The Court in Wise v. Shinseki, No. 12-2764 (Vet. App. Apr. 16, 2014), held that (1) the VA does not satisfy its duty to assist a claimant if they fail to locate and obtain records when the VA is on notice that records supporting a claim may exist, and (2) the benefit-of-the-doubt-rule applies to secondary medical evidence such as treatises and medical journals.
George W. Wise was a U.S. Army World War II veteran
For his distinguished service from the beaches of Normandy, through the Ardennes, Rhineland, and central Europe, he was awarded the Bronze Star, the European-African-Middle Eastern Campaign Medal, and the World War II Victory Medal. Mr. Wise treated and evacuated soldiers at the Battle of the Bulge and helped liberate several German concentration camps, including Dachau, Buchenwald, and Landsberg.
In 1985, Mr. Wise was granted service connection for post-traumatic stress disorder (“PTSD”), at a rating of 10%. The rating was increased to 30% in 1989 and 100% in 2000. He passed away in 2008, survived by his wife, Ouida Wise. His death certificate lists his cause of death as cardiovascular disease, congestive heart failure, and chronic obstructive pulmonary disease. None of these conditions were referred to in his service medical records.
Mrs. Wise filed a claim for dependency and indemnity compensation (“DIC”) benefits from the Department of Veterans Affairs (“VA”) in December 2008, submitting a letter from her late husband’s VA treating physician stating that it was possible that Mr. Wise’s death was brought on in part by the stress from his PTSD. The physician’s opinion included an article from a 2007 medical journal which discussed that male veterans with PTSD were more likely to develop coronary heart disease. The VA Regional Office (“RO”) denied the claim, which Mrs. Wise appealed through the Board for Veterans Appeals (“BVA”) up to the U.S. Court of Appeals for Veterans Claims (CAVC). During this process, Mrs. Wise submitted numerous articles from journals and off of the Internet which supported to a certain degree the claim that PTSD could increase a man’s chances of contracted coronary artery disease. The VA did not obtain any records of Mr. Wise’s VA cardiology appointments. The VA’s expert, who was a VA medical professional, stated that accepting PTSD as a causal factor for coronary artery disease is speculative and not generally accepted in the scientific community. Relying on its expert, the VA rejected Mrs. Wise’s evidence that PTSD could be a causal factor in heart disease.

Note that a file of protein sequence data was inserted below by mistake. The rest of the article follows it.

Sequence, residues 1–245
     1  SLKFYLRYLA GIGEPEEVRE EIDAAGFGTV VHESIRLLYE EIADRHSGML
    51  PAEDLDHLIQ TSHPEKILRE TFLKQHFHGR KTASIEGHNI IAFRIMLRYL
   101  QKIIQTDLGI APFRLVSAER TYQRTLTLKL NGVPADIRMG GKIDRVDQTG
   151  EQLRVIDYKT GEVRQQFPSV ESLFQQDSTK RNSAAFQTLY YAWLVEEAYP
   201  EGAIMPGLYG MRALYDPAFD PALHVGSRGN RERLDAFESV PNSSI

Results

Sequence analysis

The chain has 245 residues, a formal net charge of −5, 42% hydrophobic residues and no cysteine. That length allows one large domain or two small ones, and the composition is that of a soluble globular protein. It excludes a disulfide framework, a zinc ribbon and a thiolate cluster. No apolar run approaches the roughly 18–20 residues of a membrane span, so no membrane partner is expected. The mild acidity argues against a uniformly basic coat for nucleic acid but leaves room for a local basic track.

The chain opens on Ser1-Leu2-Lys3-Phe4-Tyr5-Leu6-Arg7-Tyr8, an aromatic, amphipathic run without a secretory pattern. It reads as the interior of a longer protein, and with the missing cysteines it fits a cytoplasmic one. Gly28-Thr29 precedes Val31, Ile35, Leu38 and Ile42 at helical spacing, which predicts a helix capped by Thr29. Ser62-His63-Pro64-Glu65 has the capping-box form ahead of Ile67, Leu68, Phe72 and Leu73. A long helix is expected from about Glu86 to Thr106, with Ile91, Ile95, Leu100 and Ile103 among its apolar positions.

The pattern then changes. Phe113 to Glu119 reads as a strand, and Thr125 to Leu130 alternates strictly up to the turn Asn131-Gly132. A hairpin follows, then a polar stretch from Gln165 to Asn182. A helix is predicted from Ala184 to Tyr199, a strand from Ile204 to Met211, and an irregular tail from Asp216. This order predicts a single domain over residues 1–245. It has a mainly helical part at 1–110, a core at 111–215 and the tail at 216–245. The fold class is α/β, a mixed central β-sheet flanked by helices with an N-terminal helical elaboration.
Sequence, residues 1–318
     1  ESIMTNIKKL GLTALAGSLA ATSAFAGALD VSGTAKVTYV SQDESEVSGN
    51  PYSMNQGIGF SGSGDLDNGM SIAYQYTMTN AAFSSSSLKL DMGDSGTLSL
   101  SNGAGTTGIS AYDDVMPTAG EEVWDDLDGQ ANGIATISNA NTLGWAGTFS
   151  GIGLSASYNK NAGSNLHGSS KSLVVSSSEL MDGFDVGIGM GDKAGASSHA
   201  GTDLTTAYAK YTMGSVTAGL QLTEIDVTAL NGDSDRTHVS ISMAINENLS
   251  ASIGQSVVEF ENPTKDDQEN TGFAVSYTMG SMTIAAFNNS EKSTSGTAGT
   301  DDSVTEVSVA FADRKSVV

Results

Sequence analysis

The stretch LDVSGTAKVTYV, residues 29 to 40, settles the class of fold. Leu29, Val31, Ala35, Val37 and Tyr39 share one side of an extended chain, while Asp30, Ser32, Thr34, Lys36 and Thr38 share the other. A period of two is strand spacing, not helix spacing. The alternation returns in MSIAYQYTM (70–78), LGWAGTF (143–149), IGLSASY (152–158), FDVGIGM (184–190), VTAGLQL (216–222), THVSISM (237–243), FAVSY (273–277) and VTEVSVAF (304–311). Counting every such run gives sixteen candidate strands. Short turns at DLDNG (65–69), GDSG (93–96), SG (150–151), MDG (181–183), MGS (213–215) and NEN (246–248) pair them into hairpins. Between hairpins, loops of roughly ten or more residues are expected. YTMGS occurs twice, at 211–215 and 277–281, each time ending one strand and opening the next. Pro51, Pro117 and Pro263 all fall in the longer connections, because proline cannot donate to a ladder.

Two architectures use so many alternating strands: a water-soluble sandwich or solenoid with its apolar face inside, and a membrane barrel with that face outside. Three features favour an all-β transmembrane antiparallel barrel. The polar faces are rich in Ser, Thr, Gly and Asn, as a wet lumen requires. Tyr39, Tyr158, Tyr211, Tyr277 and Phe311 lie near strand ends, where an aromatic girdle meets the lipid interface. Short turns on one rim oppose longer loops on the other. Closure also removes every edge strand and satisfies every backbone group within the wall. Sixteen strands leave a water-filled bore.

The Court’s Decision
The CAVC held that the VA does not satisfy its duty to assist a claimant if they fail to locate and obtain records when the VA is on notice that records supporting a claim may exist. The Court held that the BVA must “support its determination that VA satisfied its duty to assist with an adequate statement of reasons or bases.” In this particular case, the VA did not obtain the medical records for many of Mr. Wise’s VA cardiology appointments. This is important because many times the VA denies a claim because the veteran did not submit enough evidence to support either a current diagnosis of a condition or he or she does not submit enough evidence to show that the condition was caused or aggravated while in service. If the claimant put the VA on reasonable notice that the records exist, it is the VA’s duty to locate and obtain these records at the expense of the VA. A failure of the VA to do so could result in the VA failing to satisfy its duty to assist the claimant.
In a welcome move, the CAVC held that the BVA cannot reject scientific evidence on the grounds that it is not yet ‘generally accepted’ in the scientific community. The Court held that this directly goes against the benefit of the doubt rule. “[C]ontradicting articles indicate that the evidence on that issue may be in approximate balance, triggering the Board’s statutory duty to accord Mrs. Wise the benefit of the doubt.” The benefit-of-the-doubt-rule, detailed in 38 CFR § 3.102, states that “[w]hen, after careful consideration of all procurable and assembled data, a reasonable doubt arises regarding service origin, the degree of disability, or any other point, such doubt will be resolved in favor of the claimant. By reasonable doubt is meant one which exists because of an approximate balance of positive and negative evidence which does not satisfactorily prove or disprove the claim.”
If you need help with your claim, let an experienced Veterans Affairs attorney at Grimes Teich Anderson assist you in receiving a proper evaluation by the VA. If the VA is unable to properly evaluate a claim, we are experienced in, and can represent you, before the U.S. Court of Appeals for Veterans Claims (CAVC).